Around Mr. Kalil, workers in hard hats are coming and going. A towering crane swings a length of pipe with inch-by-inch precision, the operator visible high up in his cab, leaning back, manipulating the thing with a tiny joystick. Sparks fly in the metal shop. The dry docks themselves are spectacular creations: essentially giant metal barges, they are sunk into the muck at the bottom and then, after a ship is pulled in above them, filled with air and refloated, lifting the ship on huge wooden blocks and exposing its bottom for the workers.
Some 160 people work at Caddell's full time, traveling to their jobs from all over the region, and about 100 others work as subcontractors.
The other shipyard on Staten Island, May Ship Repair, sits on the other side of the Bayonne Bridge, next to McAllister's. It's smaller than Caddell's - 50 people work on three dry docks - and does a lot of new construction, such as a 180-foot-square ferry landing for Battery Park being built. When the landing is done, the structure will go down a "launching ways" and splash into the harbor, just as ships did 100 years ago.
"We started 28 years ago," said the owner and president, Mohamed Adam, a naval architect who is originally from Egypt. "Ten years ago we started doing new construction."
During World War II, the Bethlehem Steel shipyard occupied the land where May's is now. Ten thousand workers toiled there 24 hours a day building minesweepers.
More than 40,000 people still worked in the city's shipyards in 1960, back when Caddell had an on-site bar and restaurant, the Blue Room, where more than a few business deals were made. All the shipyards used to belong to the same umbrella organization. "That's all gone now," Mr. Kalil says.
Today, city officials seem uncertain how many people work in maritime businesses on Staten Island. According to Jennifer Nelson, a spokeswoman for the city's Economic Development Corporation, about 600 people are employed here, 475 at Howland Hook. But interviews showed that Caddell's, May's and McAllister alone employ about 450 people, so the city's estimate is probably very low.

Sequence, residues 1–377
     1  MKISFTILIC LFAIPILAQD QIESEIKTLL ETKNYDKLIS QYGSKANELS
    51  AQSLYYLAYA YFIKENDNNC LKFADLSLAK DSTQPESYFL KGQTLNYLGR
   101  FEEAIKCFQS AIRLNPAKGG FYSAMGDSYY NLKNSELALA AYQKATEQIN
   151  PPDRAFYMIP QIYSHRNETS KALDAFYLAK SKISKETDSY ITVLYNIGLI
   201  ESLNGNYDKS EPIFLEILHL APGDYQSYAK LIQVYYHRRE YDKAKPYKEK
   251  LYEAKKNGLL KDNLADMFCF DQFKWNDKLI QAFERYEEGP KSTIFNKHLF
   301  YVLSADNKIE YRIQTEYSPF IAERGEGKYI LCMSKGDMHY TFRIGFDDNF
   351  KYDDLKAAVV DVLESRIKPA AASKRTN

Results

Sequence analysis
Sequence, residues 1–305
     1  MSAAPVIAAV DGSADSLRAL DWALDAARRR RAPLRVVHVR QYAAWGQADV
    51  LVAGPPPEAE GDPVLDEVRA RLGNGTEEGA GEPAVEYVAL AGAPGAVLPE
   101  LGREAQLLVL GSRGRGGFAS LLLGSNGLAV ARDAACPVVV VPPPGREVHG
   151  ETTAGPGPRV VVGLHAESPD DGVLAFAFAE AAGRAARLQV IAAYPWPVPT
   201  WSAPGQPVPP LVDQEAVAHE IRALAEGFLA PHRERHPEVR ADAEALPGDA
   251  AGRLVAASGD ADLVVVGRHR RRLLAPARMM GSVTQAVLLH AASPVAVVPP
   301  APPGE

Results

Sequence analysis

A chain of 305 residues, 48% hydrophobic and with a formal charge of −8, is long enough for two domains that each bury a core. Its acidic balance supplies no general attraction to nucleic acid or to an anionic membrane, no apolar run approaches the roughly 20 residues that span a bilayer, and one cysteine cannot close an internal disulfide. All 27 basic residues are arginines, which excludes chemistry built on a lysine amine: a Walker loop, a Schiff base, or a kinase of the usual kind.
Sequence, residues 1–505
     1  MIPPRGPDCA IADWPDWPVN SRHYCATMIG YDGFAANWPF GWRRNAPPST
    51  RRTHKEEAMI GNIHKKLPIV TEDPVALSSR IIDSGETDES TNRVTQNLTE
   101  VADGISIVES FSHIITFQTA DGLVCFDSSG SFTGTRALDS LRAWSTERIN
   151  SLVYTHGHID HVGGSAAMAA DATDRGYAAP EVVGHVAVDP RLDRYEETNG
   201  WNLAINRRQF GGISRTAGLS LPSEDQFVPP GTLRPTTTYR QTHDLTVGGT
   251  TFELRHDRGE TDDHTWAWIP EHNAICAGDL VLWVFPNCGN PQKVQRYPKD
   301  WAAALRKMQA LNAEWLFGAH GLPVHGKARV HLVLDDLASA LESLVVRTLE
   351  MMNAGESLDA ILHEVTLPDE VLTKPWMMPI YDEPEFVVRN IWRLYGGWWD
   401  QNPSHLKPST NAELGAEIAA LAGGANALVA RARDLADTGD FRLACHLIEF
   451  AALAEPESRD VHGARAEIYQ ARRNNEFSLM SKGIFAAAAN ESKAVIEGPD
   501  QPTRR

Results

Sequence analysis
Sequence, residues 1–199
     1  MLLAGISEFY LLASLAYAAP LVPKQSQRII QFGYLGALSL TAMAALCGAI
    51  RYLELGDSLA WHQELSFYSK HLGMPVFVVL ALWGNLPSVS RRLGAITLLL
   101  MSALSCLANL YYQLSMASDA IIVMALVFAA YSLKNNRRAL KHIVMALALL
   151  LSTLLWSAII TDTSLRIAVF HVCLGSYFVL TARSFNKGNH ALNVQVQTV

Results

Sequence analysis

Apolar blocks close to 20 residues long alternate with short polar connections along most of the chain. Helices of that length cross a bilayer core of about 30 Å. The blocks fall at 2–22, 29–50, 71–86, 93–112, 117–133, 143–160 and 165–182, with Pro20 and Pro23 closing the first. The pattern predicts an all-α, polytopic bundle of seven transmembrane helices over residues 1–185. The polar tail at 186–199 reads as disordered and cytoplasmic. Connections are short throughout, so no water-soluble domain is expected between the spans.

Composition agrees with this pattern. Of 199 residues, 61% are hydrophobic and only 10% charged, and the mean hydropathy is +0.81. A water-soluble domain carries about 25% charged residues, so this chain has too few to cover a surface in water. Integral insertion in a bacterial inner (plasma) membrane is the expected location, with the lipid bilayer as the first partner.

The Water Clears
As Mr. Kinnier walks along McAllister's docks, he points to the water and remarks how clear it is: you can see all the vegetation growing on the hull of a retired tug. Over at Caddell's, three bright orange jellyfish move in pulses next to the dock. These are sights you never would have seen back when the working waterfront was in full swing, when the harbor was so dirty that captains brought their ships here so their bottoms would be cleaned by the pollution.
The water smelled far worse then, too. The main reason it's cleaner, Mr. Kalil rightly says, is that untreated sewage no longer goes right into the harbor. But the ebbing of waterfront industries has certainly helped clarify the currents even more.
The working waterfront was hardly a romantic place. In addition to the pollution, there were violence and misery, mob control and corrupt unions, death and serious injury, companies that squeezed every penny possible out of their workers. One day maybe it will all be parks and residential towers with water views, and plenty of people won't miss it. But now, at least for a moment, it remains a place where people work with their hands, and those hands touch brass and wood.
* Copyright 2005 The New York Times Company